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U.S. News

Depression, Sex Addiction Linked in Gay Men: Report

September 22, 2006

An analysis of depression among gay men and other populations found gay men are more likely to experience depression and milder mood disorders, which were associated with HIV risk. The New York-based Medius Institute for Gay Men's Health survey, authored by founder and Executive Director Spencer Cox, found depressed gay men were more likely to engage in risk-taking activity such as unprotected sex and drug use. The report analyzed 300 different studies and interviewed service providers and mental health and sex researchers.

"It would be an oversimplification to say that depression 'causes' the risky behavior," said the report, "Living on the Edge: Gay Men, Depression & Risk Taking." "Instead, it appears that in gay men, multiple epidemics -- such as depression, drug abuse, violence, childhood sexual abuse, and HIV -- interact to increase risk for one another." Depression is a "background risk modulator" subconsciously influencing a range of behaviors, said Cox.

About one in five gay men experience depression, a rate double that found in the general population, said Cox. The result is a cultural amplification in which drug use and high-risk sex become normalized, though self-destructive, coping mechanisms. Besides social discrimination, many depressed gay men experience loneliness, so sex fulfills a need and is a break from boredom.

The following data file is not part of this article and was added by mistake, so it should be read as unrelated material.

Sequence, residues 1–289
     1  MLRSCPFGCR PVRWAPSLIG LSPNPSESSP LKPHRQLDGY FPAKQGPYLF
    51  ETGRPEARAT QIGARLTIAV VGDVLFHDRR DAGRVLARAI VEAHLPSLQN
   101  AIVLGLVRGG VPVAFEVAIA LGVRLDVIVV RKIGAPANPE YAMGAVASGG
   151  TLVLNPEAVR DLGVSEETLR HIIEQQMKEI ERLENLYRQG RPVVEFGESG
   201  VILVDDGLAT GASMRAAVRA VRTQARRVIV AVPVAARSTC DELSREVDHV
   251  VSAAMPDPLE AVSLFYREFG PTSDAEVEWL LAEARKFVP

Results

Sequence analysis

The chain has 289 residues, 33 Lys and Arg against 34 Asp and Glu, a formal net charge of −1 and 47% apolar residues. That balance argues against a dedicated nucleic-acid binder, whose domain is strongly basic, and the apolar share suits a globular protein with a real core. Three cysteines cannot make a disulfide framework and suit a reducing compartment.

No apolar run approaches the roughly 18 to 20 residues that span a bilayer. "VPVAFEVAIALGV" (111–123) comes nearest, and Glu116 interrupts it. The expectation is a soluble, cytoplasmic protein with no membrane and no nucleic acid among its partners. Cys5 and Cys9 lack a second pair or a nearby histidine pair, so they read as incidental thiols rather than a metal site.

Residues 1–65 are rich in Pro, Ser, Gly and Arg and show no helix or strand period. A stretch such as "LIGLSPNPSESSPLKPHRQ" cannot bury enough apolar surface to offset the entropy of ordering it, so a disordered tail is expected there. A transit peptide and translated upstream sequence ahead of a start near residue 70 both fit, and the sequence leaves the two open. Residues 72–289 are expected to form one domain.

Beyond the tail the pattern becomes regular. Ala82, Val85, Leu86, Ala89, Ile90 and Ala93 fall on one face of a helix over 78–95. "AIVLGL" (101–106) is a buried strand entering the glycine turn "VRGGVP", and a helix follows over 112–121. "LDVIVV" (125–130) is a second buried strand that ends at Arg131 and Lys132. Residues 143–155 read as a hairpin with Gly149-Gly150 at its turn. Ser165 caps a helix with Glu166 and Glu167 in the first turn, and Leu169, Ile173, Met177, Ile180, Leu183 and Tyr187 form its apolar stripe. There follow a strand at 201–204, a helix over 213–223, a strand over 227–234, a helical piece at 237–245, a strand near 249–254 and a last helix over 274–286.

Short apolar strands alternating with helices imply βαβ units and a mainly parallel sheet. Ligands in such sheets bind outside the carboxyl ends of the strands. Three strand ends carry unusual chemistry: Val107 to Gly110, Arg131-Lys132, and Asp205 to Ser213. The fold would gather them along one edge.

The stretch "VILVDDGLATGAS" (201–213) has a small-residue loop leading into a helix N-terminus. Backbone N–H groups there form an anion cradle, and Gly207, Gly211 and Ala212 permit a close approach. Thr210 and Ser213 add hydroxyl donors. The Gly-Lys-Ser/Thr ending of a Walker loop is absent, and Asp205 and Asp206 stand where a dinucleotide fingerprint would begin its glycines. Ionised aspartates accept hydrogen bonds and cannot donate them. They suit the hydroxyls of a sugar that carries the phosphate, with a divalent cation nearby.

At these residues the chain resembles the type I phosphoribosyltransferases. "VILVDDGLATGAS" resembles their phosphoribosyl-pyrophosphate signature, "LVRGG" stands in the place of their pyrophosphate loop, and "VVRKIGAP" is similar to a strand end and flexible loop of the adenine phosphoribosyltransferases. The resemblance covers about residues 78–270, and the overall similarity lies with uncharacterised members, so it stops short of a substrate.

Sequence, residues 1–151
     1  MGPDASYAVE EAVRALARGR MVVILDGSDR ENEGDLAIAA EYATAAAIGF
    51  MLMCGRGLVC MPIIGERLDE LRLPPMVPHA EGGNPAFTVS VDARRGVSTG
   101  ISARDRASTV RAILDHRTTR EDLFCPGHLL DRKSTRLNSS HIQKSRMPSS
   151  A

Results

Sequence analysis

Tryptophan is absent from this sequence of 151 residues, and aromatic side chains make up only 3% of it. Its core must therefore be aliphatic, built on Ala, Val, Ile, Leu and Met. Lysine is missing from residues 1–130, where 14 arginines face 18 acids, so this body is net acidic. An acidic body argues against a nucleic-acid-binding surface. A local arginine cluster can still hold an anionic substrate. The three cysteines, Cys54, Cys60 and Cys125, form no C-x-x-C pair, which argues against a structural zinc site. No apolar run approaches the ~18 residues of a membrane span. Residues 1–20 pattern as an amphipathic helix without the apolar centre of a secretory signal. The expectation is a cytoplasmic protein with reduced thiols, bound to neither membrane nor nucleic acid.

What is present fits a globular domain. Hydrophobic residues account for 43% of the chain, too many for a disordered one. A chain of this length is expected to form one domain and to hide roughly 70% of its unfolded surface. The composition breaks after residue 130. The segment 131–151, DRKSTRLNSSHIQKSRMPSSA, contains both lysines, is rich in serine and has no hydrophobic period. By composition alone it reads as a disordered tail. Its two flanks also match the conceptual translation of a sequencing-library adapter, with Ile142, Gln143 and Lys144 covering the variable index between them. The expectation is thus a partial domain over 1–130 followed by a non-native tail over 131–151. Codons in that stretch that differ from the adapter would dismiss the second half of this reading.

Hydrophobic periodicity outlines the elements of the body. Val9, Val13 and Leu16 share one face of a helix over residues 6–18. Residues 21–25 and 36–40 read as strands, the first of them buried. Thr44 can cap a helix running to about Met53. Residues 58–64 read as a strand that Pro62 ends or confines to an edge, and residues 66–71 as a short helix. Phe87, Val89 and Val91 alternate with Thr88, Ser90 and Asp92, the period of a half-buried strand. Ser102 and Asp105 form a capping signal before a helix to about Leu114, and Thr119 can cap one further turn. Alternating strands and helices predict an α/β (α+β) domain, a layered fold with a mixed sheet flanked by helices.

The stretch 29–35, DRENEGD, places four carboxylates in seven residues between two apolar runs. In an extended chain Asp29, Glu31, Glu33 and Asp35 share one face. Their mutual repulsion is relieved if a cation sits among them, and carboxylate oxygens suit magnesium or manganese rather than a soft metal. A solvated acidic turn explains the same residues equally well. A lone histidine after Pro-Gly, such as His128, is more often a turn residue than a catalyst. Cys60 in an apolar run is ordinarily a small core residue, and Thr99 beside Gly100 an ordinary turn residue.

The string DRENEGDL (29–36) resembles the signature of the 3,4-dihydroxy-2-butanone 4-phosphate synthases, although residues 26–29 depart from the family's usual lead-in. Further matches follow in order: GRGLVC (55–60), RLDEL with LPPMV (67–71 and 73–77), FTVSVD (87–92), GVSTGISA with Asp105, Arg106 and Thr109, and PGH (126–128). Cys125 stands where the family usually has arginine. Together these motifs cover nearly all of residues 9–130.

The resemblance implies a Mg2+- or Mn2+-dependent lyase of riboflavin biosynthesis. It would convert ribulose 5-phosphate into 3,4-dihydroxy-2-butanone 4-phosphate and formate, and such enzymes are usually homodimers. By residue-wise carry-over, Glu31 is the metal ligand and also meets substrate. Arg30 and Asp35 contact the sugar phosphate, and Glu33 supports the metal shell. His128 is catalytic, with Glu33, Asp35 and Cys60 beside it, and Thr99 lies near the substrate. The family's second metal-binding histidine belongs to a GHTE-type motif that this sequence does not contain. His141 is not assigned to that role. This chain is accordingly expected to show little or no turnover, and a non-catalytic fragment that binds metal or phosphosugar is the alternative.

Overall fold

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But acting out in risky ways can also lead to depression, said Robert Weiss, clinical director of Los Angeles' Sexual Recovery Institute. Continuously hunting sex, he said, "is very isolating, alienating, and leaves people hopeless. I have certainly seen men who appeared quite depressed, but once they stopped acting out and gained some sense of hope that they can live differently, then they're not as depressed."

Multiple studies find higher substance abuse rates among gay men than in the general population, noted Weiss.

HIV prevention for gay men must incorporate access to quality mental health care and emphasize more than condom use, said experts. "Well being is about gay men building lives they value so much that they won't want to put them at risk," Cox said.

Back to other news for September 22, 2006

Adapted from:
Washington Blade
09.15.2006; Ryan Lee


  
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This article was provided by CDC National Prevention Information Network. It is a part of the publication CDC HIV/Hepatitis/STD/TB Prevention News Update.
 
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